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Hong Kong leader abandons policy speech after heckles from lawmakers

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Hong Kong’s embattled leader abandoned a State of the Union-style speech on Wednesday after she was heckled by rowdy opposition lawmakers during chaotic scenes inside the city’s legislature.

The speech by chief executive Carrie Lam was billed as an attempt to win hearts and minds after four months of seething pro-democracy protests.

Instead, it laid bare the intense polarisation coursing through the semi-autonomous financial hub after weeks of huge and increasingly violent rallies.

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And it was swiftly dismissed by protesters who called for a new rally on Sunday.

Lam, who has historic low approval ratings, tried twice to begin her policy address inside the Legislative Council which had opened for a new session some three months after it was trashed by masked protesters.

But pro-democracy lawmakers, a minority of the pro-Beijing stacked legislature, shouted her down and called for her resignation.

Lam instead released a pre-recorded video, the first time a Hong Kong leader has been unable to deliver the annual address in person since the tradition began in 1948.

In it, she announced plans to increase housing and land supply in a city that has one of the least affordable property markets in the world, as well as various subsidies.

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“I firmly believe that Hong Kong will be able to ride out this storm and move on,” she said.

But the announcement gave no concessions to protesters.

“So much has happened on Hong Kong’s streets over the past four months but Lam has been either hiding in her abyss or acting like a wax figure,” pro-democracy lawmaker Tanya Chan told reporters.

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“We urge Carrie Lam to stop destroying Hong Kong, respond to the five major demands, and step down,” added the Civil Human Right Front, a non-violent protest group behind a series of huge marches earlier in the summer.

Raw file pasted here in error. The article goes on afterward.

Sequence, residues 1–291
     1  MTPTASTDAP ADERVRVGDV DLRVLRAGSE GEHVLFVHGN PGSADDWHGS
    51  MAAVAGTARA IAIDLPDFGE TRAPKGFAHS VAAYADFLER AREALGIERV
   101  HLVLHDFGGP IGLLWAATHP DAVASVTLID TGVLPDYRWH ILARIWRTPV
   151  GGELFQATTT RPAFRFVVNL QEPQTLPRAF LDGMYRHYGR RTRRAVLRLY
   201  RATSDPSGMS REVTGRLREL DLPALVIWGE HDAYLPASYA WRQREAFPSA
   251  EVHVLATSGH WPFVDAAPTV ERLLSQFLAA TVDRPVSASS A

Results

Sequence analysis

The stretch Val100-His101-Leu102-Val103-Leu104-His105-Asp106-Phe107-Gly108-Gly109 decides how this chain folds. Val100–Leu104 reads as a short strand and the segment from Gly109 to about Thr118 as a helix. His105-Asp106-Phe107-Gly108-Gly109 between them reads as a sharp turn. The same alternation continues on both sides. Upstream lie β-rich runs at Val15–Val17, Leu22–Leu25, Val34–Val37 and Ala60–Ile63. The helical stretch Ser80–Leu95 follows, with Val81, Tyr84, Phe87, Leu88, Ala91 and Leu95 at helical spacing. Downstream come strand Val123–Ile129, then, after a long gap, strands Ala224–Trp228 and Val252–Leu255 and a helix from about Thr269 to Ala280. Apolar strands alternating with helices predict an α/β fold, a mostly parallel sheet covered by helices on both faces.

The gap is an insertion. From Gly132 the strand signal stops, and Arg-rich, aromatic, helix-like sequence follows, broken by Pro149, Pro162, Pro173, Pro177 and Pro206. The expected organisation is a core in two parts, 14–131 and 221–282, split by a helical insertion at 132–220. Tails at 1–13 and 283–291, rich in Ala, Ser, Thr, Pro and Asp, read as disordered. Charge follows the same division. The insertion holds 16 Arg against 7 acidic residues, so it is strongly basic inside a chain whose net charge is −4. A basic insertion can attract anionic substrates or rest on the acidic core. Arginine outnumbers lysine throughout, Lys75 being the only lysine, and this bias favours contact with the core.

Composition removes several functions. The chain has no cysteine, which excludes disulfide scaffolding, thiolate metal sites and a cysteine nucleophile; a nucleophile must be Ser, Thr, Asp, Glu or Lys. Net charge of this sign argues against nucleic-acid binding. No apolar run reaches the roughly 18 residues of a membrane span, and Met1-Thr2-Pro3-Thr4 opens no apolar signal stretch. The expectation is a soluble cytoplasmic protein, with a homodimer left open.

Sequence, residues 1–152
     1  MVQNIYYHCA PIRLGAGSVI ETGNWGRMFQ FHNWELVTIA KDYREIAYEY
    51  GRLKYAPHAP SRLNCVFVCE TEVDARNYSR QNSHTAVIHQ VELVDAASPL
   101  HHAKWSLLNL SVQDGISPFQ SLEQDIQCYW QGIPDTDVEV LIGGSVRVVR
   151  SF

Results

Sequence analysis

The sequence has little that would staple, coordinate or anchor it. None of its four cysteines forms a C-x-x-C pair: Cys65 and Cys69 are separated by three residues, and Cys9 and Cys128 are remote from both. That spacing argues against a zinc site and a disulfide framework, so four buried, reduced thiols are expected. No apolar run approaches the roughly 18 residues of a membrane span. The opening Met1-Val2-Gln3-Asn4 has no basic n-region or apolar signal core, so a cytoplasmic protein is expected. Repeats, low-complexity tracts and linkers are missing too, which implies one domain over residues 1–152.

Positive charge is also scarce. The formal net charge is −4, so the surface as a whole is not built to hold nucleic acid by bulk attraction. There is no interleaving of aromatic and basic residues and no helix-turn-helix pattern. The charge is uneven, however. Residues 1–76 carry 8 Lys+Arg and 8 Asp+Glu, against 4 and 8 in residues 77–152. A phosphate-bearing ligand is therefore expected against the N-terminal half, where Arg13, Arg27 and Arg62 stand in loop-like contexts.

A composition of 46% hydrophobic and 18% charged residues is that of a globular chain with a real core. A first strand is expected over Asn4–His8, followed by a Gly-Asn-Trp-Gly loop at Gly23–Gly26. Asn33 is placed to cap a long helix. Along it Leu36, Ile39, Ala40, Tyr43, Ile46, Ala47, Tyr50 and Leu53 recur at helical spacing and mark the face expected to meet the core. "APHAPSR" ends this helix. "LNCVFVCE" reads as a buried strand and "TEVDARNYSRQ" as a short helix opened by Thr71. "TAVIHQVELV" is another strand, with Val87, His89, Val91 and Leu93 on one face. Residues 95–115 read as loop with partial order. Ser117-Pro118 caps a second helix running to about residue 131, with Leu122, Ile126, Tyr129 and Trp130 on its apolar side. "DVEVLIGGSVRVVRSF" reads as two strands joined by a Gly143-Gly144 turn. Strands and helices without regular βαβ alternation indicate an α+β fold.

The CHRF said it was applying for a police permit to hold a new march on Sunday. Recent requests by the group have been rejected with more hardcore activists instead holding wildcat protests and quickly clashing with police.

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– ‘Following Beijing’s instructions’ –

Willy Lam, a politics expert at the Chinese University of Hong Kong, said Lam’s speech would do little to quell protests which are fuelled by years of anger over sliding freedoms and the inability of Hong Kongers to elect their own leaders.

“Carrie Lam is following instructions from Beijing,” he told AFP.

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“Even the economic handouts do not seem to be particularly impressive and they take will take a few years to actually materialise.”

Millions have taken to the streets of Hong Kong, initially against a now-dropped bid by its leaders to allow extraditions to the authoritarian Chinese mainland.

But after Beijing and Lam took a hard line, the movement snowballed into a broader push for democracy and police accountability.

Activists say freedoms are being eroded by Beijing, contrary to a deal that outlined Hong Kong’s 1997 return to China from British colonial rule.

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Protesters have said they will only end their huge rallies if core demands are met, including an independent inquiry into the police, an amnesty for the more than 2,500 people arrested and universal suffrage.

Both Lam and Beijing have repeatedly dismissed those demands and say Hong Kong’s freedoms are being protected.

Lam’s speech comes after the US House of Representatives passed a bill late Tuesday that aims to defend civil rights in Hong Kong and has drawn rare bipartisan support in a polarised Congress.

China, which has accused “external forces” of fuelling weeks of unrest in the city, expressed its “strong indignation” over the bill and told Washington to “stop meddling”.